DALLAS — Disruptions or delays in aircraft deliveries, plus long lead times for newer aircraft additions, pose a strain on the recovering airline industry.
One quick fix is provided by an ACMI operator. ‘ACMI’ stands for Aircraft, Crew, Maintenance, and Insurance. The ACMI airline, or operator, being the lessor, comes into an agreement to provide the above as a package to the lessee. The lessee in return pays up for the number of block hours operates.
The advantage for the lessee is additional aircraft or replacement to otherwise grounded aircraft at short notice to keep operations at flow. In other words, it’s a flexible last-minute option to operate at a desired capacity.
The Baltic States are rather famous for having plenty of ACMI carriers. Today’s post looks at one of the largest: Smartlynx Airlines (6Y) from Latvia.
I caught up with Smartlynx’s CEO, Zygimantas Surintas, exclusively for Airways, and he explained how running under an ACMI business model is rather different from a regular airline.
SG: How have Smartlynx’s operations been if you compare pre to post-COVID-19?
ZS: It is not comparable; it is two different worlds, and it is chaos. Prior to COVID-19, it was much more stable, and the industry was also not facing any such shortages as we are facing today, be it aircraft wheels or whatnot.
Today, there are more variables to take into consideration compared to back then. Post-COVID is different and difficult, and it will take us a while to be back on track. The instability makes it hard and the ACMI business is a very complex one, but we will get back.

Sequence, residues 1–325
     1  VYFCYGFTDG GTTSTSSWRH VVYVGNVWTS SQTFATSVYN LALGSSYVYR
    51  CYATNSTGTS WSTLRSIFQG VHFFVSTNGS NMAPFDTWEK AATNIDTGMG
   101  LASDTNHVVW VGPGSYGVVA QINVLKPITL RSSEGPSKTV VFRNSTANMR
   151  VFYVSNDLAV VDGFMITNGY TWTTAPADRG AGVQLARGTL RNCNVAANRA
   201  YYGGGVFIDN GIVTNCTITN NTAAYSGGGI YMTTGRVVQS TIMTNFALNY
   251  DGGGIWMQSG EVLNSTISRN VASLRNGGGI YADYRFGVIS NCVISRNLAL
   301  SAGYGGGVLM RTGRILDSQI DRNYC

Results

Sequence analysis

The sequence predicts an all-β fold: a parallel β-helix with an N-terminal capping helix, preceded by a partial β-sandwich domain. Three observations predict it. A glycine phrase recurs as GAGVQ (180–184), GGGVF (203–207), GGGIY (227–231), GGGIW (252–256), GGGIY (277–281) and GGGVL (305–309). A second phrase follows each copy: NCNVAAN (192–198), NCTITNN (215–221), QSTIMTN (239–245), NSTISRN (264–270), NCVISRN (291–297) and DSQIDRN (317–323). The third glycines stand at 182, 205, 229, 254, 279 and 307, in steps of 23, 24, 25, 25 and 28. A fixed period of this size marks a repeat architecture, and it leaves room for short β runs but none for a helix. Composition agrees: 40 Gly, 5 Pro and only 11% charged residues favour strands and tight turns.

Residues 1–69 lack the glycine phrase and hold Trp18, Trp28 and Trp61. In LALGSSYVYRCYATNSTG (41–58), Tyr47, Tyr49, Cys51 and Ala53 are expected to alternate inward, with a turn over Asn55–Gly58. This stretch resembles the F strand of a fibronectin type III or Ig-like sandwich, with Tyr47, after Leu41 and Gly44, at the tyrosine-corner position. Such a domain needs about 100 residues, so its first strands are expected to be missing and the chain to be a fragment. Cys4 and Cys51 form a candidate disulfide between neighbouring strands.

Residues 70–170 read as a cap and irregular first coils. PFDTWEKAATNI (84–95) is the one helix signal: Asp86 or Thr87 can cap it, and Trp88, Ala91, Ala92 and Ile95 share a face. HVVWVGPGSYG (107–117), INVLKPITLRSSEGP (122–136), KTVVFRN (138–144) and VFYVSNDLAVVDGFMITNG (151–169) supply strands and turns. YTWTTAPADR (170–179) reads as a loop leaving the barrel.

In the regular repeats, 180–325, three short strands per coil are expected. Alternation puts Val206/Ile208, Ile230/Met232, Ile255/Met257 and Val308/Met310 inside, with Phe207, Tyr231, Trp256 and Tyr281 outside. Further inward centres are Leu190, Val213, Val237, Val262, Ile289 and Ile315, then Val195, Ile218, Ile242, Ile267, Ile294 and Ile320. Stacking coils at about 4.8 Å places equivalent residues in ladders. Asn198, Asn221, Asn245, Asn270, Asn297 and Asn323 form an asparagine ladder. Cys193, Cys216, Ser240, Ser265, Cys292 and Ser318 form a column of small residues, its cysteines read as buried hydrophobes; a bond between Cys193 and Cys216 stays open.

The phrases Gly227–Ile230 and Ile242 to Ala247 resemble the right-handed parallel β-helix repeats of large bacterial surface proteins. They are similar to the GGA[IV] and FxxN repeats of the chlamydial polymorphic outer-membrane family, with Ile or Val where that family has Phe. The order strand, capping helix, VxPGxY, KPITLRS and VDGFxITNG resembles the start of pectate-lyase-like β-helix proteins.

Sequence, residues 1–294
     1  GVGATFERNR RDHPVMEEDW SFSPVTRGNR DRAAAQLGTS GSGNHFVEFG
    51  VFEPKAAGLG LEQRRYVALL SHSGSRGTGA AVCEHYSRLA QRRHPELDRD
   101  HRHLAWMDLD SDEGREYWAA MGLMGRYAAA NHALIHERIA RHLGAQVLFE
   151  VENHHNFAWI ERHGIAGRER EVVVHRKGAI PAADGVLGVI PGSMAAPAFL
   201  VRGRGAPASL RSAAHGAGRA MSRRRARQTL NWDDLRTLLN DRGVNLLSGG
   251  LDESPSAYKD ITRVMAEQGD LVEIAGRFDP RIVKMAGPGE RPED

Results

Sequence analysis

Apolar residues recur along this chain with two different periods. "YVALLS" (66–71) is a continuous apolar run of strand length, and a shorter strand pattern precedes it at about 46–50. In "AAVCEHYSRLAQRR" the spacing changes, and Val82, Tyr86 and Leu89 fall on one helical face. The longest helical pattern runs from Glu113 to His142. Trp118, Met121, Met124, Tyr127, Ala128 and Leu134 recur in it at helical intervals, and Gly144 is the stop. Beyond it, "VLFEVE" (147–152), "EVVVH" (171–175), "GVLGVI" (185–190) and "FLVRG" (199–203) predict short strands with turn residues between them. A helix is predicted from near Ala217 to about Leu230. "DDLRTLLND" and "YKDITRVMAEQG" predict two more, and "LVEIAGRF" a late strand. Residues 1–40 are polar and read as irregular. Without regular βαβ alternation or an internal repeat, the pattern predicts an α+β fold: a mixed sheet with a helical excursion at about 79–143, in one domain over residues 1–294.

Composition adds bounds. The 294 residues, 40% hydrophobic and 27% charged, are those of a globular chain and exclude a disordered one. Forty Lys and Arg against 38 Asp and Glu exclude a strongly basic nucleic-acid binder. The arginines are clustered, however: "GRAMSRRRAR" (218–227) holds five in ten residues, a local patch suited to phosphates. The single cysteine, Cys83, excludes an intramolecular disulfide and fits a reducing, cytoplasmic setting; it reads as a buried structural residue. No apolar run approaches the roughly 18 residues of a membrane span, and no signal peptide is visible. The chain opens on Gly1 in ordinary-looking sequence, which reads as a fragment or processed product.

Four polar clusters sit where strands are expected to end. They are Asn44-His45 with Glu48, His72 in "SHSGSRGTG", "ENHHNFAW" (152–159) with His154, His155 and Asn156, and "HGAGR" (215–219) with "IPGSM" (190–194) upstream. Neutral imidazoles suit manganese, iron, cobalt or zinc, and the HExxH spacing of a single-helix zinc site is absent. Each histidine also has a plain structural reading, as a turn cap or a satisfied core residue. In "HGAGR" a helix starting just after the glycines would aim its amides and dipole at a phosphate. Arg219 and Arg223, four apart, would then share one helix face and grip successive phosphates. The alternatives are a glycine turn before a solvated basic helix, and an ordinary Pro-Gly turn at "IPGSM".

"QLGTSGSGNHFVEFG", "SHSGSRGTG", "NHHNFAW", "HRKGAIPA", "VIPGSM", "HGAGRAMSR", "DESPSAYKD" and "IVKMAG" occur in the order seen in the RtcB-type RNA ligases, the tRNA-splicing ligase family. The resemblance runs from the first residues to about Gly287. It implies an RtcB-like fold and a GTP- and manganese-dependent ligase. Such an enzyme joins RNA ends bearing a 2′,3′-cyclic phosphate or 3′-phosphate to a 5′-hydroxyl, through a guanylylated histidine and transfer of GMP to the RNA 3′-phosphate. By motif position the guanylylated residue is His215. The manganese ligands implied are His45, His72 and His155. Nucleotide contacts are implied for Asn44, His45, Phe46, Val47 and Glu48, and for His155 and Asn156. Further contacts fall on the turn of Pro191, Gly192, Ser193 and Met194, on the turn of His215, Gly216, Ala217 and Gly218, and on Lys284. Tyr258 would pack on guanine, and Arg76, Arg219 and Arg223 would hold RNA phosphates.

And how are your markets being served?
On a positive note, our market has expanded, it is no longer only in Europe, but is now global, except for China and Russia. We are talking to customers from several countries, and post-COVID has reduced the entry barriers for us to venture into new places. We surely cannot rely on only one market anymore.
Your largest international markets? Africa, I’d presume?
Yes, Africa is big, and it is a seasonal and flat business, including winter. More interestingly, we will start a new chapter as we enter business in Canada (we will make the airline-specific announcement soon), intense corporations, I would say, and Latin America.
On the other side, we have India, where we will work with a partner there and provide our Boeing 737 MAX. So yes, markets are active and recovering, there’s fast growth in Asia and Latin America now. It is just a bit difficult to manage all the time zones and business.
Besides your main brand in Riga, Latvia, you also have two subsidiaries, Malta, and Estonia. How do they help overall in ways that otherwise could not be done by Latvia alone?
There are a few reasons: the current AOC does not have FAA approval, and with the long-haul A330s and the 737 MAX in our fleet, we need an FAA environment due to the potential markets we will serve. Furthermore, not everyone wishes to live in cold Riga. We are also seeing a shortage of skilled professionals in the Baltic States, so we need different offices for better-talented professionals.
As part of the Avia Solutions Group, there are other ACMI airlines like Avion Express and Klassjet – would consolidation work here just as major airlines do?
Avia Solutions Group is a big and strong aviation conglomerate, and the strategy is to have strong ACMI brands. These are not centralized companies; each one lives on its own. We also have different products. Now we have no plans for consolidation, and we will continue to be independent in what we do and deliver results to our shareholders.